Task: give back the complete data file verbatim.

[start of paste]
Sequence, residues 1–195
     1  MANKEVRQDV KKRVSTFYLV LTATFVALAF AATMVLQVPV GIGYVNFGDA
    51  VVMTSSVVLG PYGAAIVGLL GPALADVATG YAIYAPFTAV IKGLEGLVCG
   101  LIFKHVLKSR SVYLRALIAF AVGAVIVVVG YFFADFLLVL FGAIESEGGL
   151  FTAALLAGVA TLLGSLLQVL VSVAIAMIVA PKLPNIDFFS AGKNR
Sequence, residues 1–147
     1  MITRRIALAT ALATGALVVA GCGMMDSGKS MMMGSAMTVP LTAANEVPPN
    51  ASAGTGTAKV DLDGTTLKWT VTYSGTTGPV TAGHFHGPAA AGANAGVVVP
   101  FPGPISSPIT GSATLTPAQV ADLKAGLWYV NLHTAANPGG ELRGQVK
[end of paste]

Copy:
Sequence, residues 1–195
     1  MANKEVRQDV KKRVSTFYLV LTATFVALAF AATMVLQVPV GIGYVNFGDA
    51  VVMTSSVVLG PYGAAIVGLL GPALADVATG YAIYAPFTAV IKGLEGLVCG
   101  LIFKHVLKSR SVYLRALIAF AVGAVIVVVG YFFADFLLVL FGAIESEGGL
   151  FTAALLAGVA TLLGSLLQVL VSVAIAMIVA PKLPNIDFFS AGKNR
Sequence, residues 1–147
     1  MITRRIALAT ALATGALVVA GCGMMDSGKS MMMGSAMTVP LTAANEVPPN
    51  ASAGTGTAKV DLDGTTLKWT VTYSGTTGPV TAGHFHGPAA AGANAGVVVP
   101  FPGPISSPIT GSATLTPAQV ADLKAGLWYV NLHTAANPGG ELRGQVK